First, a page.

By Roy Morris Jr.
When French troops invaded Spain in the spring of 1808, one of the most captivated onlookers was neither a soldier nor a diplomat, but a painter—albeit, one of surpassing genius. Francisco Jose de Goya, court artist for King Charles IV, was scarcely a disinterested observer. His livelihood depended on the survival of the Spanish royal family, all but one of whom were safely in exile in France at the time. The remaining royal, 13-year-old Prince Francisco, had been summoned to France by his father, but the youth had wept so bitterly at being forced to leave the palace in Madrid that an angry crowd of onlookers attacked the prince’s armed French escort beneath Goya’s own windows in the plaza of the Puerta del Sol. In the spontaneous but savage street fight that followed, hundreds of soldiers and civilians were killed, and a popular uprising was born, pitting Spanish patriots and their English allies against the hated French occupiers. The word “guerrilla” quickly entered all three languages.
The 62-year-old Goya was not anti-French. Indeed, he was a longtime member of the afrancesados—the pro-French faction of Spain. But the sights he saw on May 2 and 3 outside his apartment seared themselves forever in his memory. The battle on May 2 had been followed by a coldly furious round of retaliatory executions by French firing squads the next day. Anyone caught carrying a weapon or even suspected of taking part in the previous day’s battle was placed against a wall and shot. There were no appeals. From these two days sprang the cataclysmic six-year-long Peninsular War. By the time it was over, French emperor Napoleon Bonaparte would have lost a quarter of a million men—100 a day, every day—to the pitiless guerrillas who seemingly fell on every isolated troop convoy or supply train. The French defeat in Spain began Napoleon’s long spiral from glory to exile.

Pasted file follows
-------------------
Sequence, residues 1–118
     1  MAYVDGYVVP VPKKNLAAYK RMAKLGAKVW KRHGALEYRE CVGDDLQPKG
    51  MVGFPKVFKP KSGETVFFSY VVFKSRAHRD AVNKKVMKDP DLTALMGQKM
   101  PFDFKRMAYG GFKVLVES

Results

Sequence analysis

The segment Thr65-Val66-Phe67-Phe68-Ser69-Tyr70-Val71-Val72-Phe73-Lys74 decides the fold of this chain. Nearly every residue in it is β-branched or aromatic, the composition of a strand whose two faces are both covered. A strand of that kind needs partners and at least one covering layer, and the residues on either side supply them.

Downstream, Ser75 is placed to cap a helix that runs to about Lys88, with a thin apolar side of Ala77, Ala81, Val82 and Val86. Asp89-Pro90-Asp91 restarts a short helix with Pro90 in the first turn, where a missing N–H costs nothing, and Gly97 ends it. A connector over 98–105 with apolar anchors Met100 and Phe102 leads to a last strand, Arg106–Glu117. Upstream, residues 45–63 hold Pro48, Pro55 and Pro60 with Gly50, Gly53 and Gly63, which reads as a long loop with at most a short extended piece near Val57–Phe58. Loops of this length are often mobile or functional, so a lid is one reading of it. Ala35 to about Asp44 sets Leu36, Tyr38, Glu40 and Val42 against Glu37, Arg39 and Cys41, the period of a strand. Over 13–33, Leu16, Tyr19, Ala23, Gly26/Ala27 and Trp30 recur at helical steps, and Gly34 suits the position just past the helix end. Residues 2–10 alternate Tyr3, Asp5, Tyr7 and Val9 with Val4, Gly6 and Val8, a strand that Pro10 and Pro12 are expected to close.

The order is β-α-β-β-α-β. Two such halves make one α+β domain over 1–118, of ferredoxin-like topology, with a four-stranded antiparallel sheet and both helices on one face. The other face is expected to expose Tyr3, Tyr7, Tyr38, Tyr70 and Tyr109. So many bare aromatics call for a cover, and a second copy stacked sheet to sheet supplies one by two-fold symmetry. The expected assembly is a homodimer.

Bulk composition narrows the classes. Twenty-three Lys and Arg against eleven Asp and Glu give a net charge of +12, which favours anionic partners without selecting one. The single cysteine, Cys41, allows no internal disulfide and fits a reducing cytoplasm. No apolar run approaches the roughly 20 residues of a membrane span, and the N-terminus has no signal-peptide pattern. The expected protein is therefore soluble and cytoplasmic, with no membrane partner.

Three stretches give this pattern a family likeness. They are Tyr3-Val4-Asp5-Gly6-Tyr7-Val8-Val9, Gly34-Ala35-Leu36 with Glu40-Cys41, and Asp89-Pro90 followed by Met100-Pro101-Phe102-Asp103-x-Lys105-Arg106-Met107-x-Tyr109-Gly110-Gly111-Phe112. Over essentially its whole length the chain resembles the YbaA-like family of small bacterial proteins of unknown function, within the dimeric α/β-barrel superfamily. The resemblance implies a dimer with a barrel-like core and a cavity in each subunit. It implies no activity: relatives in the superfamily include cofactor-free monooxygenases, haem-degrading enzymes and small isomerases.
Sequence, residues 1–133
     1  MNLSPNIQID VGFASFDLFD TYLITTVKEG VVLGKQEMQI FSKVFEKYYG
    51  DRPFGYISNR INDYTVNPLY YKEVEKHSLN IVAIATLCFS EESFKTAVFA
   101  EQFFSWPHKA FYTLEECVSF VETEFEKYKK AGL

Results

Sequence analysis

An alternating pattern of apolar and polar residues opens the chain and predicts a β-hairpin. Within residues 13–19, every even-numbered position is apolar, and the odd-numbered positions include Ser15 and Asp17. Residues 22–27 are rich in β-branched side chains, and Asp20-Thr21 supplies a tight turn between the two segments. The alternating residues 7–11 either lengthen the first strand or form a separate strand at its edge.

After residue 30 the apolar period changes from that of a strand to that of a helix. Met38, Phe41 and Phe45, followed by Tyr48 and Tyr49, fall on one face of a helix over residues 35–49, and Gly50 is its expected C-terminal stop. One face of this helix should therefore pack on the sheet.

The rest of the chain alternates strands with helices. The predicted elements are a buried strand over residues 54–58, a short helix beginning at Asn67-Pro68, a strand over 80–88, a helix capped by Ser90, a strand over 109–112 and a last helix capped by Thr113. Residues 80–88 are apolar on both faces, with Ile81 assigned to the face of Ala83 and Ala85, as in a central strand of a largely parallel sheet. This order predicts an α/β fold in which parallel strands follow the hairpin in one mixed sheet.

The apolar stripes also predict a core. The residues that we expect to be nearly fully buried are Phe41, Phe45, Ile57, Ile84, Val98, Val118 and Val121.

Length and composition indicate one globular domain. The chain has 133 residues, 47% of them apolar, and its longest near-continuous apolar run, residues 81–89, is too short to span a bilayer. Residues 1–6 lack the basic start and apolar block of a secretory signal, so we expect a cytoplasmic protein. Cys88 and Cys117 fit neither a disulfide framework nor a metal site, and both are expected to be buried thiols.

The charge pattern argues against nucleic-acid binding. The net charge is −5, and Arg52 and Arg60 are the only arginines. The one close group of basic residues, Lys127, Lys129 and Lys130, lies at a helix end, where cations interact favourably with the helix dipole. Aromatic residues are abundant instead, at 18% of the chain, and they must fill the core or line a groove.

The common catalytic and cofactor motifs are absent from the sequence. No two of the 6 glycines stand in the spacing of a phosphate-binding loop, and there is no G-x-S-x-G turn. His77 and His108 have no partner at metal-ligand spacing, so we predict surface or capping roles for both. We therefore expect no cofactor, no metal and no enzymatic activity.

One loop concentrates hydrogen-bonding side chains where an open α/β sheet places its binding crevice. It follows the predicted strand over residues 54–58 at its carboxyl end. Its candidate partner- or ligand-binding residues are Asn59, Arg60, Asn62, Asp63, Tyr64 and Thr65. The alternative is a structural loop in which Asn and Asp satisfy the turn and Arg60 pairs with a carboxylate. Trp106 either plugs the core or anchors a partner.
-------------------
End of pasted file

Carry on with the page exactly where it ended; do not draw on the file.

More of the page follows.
Goya continued to function as a painter in the court of Napoleon’s brother, Prince Joseph, who had ascended shakily to the Spanish throne. But the war and its attendant horrors remained within him. As soon as the French left Spain in 1814, he went to his easel and painted, in quick succession, The Colossus, The Second of May, and The Third of May. The first depicts a mute, glowering giant rising over the armies on the Spanish plain—a symbol of Napoleon, the invading French Army, the will of the Spanish people, or war itself. The Second of May is an eyewitness view of the fight that took place between the Spanish peasants and the French soldiers outside Goya’s home. In the painting, which brilliantly has no central focus, panic-stricken men stab wildly and horses flail about blindly, trapped in a murderous melee that none can escape. In its confusion, brutality, and sheer animal terror, The Second of May is history’s first realistic, unsentimental painting of war.
The Third of May, perhaps Goya’s greatest painting, shows a French firing squad gunning down Spanish civilians. The shooters are impersonal, almost machine-like in their uniformed anonymity. The victims, whose faces are vividly etched, display the full range of human emotions at the moment of death. Some are terrified, some are prayerful, some are stoic—all are transcendent in their humanity. The main figure, a man dressed in a white shirt, kneels before his executioners with his arms upraised in a final gesture of defiance or supplication, almost Christ-like in his suffering (he even has a pierced palm). He represents all the helpless victims of war—his fate is literally out of his hands.
With visionary genius, Goya foretells the horrific cavalcade of civilian deaths that would follow in the ensuing century and a half, culminating in the Jewish holocaust in World War II. A series of 80 drawings he made at the same time, The Disasters of War, extends that view, depicting the war as a series of small-scale atrocities—murder, rape, hanging and torture—that add up to an enormous crime against the Spanish people and, by extension, against all humanity. Not surprisingly, Goya kept these gruesome drawings secret, and they were only shown publicly in 1863, 35 years after his death. Beneath one sketch the artist had scrawled: “Yo lo vi (I saw this).” Thanks to his unflinching vision, we still do.